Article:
Beliefs along the lines of ‘there’s never enough’ can be the drive to cause someone to spend through fear of never having enough to be able to shop again.
For many, the shopping addiction can be driven by a desire to be accepted, to fit in with a particular group of people or to simply feel better about themselves.
It’s easy to see how unhealthy money scripts combined with an underlying belief of not being good enough can be the driver for many of our self-sabotaging money behaviours.
Much of this happens unconsciously, therefore awareness is key.
Having an understanding of the thoughts, feelings and beliefs that are driving the behaviours is a good starting point and keeping a diary of the circumstances surrounding any shopping binges can be helpful, particularly around the following areas:
- What was the actual situation? i.e. What happened? Where? When? Who with?
- What emotion did I feel?
- What thoughts went through my mind? What did that mean?
- Is that the truth? What would be a healthier perspective?
- What was the outcome? What could I do or have done instead?
This is a useful exercise because it will help you to identify your trigger points, which are the moments of weakness when the urge to shop takes over.
Having an alternative way to deal with the trigger points helps with the automatic response to shop. So, an alternative way to deal with the urge may be to go for a walk or to go to the gym.
If you have a particular pattern, such as browsing the shops as a way to relax at lunchtime then change it, i.e. go for a coffee instead of hitting the shops!
If a particular shop is one of your weak points, make sure you avoid that shop and if you do need to buy something have a list and make sure you stick to it.
The point here is to make the unfamiliar, familiar and the familiar, unfamiliar. See yourself as the person who has complete control of their financial life and do the opposite of what you would normally do…. That is the key to any change of behaviour!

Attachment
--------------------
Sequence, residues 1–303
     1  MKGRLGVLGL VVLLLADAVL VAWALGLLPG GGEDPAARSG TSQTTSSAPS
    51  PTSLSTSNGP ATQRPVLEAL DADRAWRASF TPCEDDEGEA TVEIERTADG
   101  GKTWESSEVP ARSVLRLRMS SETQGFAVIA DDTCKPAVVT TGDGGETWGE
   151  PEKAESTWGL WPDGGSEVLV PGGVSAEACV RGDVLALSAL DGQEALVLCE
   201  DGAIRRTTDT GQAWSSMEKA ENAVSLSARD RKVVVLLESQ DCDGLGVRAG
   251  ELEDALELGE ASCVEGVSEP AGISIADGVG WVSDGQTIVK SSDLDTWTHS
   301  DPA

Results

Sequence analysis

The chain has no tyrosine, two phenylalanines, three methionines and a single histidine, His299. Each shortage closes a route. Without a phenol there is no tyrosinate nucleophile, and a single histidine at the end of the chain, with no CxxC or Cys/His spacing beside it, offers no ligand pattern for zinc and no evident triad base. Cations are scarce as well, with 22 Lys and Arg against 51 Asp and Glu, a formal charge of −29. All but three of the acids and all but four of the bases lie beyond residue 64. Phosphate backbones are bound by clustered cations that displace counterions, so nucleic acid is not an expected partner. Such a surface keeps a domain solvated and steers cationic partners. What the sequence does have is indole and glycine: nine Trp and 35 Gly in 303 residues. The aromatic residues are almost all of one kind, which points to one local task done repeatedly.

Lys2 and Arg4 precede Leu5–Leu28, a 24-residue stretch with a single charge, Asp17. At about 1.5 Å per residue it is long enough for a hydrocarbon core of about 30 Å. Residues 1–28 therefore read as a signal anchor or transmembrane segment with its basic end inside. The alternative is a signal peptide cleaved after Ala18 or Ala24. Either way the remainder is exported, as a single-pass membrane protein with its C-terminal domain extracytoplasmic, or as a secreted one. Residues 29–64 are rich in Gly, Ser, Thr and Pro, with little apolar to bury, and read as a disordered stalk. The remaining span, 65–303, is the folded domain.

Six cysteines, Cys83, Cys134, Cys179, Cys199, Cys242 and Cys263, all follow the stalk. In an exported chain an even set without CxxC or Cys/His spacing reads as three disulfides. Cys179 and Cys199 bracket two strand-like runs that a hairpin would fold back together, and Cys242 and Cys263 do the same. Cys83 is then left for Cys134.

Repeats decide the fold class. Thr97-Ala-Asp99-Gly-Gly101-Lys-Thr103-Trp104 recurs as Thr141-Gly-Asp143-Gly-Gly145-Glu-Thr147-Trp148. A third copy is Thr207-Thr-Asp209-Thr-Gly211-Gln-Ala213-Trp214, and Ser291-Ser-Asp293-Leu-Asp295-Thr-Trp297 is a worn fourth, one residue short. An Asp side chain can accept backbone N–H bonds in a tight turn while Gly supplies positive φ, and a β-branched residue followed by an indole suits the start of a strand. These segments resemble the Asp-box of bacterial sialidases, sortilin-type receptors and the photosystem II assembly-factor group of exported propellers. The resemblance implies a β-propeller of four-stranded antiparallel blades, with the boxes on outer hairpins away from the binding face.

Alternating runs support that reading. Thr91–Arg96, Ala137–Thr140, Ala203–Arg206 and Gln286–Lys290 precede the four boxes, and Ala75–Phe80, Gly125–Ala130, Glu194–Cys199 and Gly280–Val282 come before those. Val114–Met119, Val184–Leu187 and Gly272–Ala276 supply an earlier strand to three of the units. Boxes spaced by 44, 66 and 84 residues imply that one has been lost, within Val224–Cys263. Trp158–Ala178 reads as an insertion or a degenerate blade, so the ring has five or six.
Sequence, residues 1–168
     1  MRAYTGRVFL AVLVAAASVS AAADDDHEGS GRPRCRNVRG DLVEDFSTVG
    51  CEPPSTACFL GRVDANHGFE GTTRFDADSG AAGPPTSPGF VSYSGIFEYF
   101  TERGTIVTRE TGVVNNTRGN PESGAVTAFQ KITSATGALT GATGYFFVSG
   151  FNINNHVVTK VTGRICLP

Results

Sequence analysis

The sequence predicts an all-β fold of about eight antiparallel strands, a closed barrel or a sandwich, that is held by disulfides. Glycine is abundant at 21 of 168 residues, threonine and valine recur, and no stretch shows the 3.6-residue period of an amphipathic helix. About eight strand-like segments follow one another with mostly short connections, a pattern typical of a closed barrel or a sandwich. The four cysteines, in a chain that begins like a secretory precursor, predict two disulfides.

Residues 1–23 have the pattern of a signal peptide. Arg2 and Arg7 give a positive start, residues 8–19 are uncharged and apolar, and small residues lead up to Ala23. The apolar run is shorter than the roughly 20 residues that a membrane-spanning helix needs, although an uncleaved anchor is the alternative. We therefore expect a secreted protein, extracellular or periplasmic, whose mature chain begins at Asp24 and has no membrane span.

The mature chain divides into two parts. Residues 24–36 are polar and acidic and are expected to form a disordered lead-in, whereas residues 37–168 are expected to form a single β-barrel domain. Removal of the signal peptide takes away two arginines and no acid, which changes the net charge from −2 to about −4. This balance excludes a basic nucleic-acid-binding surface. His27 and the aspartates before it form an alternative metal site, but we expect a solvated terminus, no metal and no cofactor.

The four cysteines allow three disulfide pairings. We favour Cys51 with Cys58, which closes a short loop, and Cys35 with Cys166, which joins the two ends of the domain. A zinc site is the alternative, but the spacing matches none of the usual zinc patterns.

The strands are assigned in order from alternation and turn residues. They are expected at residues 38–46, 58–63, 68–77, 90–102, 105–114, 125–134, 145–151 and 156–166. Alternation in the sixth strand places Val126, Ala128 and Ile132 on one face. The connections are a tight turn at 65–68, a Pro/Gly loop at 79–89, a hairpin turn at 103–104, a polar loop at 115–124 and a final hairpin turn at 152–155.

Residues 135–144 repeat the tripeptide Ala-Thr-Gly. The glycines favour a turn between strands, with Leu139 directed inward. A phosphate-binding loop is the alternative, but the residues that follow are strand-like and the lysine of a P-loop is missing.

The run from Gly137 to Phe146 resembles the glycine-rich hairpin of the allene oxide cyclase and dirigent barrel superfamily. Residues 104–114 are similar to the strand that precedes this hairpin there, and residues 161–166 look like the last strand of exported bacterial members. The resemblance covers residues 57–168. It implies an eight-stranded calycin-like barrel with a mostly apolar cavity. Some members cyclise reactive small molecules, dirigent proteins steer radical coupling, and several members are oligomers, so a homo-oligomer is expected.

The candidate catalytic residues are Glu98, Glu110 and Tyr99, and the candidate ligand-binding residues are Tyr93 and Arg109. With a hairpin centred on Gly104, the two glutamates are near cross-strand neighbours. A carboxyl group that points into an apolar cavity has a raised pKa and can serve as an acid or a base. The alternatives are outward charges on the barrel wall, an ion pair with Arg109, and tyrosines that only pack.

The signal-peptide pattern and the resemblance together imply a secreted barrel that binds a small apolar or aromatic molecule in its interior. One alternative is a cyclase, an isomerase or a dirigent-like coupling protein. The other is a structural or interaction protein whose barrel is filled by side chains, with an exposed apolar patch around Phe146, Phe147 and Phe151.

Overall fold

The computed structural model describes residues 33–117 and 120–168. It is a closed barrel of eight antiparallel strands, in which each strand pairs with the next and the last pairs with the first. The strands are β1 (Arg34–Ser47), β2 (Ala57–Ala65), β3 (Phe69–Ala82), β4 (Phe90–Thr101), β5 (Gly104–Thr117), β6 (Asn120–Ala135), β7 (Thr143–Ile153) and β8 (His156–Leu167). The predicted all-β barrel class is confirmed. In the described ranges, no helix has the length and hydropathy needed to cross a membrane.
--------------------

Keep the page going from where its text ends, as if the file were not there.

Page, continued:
Seeking Help for Shopping Addiction
Although there is no known standard treatment for compulsive shopping, it’s important to receive help around not only the actual addiction, but also around the practical financial consequences.
Different people will respond to different types of therapy or counselling, so it’s important to seek out someone who has knowledge in this particular area and to find something that works for you.
If the addiction has spiralled so far out of control that it has started to create serious financial problems, such as unmanageable debt, you need to ensure that this is dealt with by speaking to someone who can help you to take care of your financial priorities.
An organisation such as Step Change, which is a free debt advice service, is a good starting point.
Do you have any experience with shopping addiction? How did it affect you and your financial situation? Share with us, we would love to hear from you.
Photo by Stuart Miles @ freedigitalphotos
Six years ago, Sarah made the decision to qualify as a psychotherapist to enable her to develop her knowledge around money psychology. Her unique approach to financial planning now combines money mind set with practical financial planning. Sarah's mission is to help her clients achieve freedom from financial fears.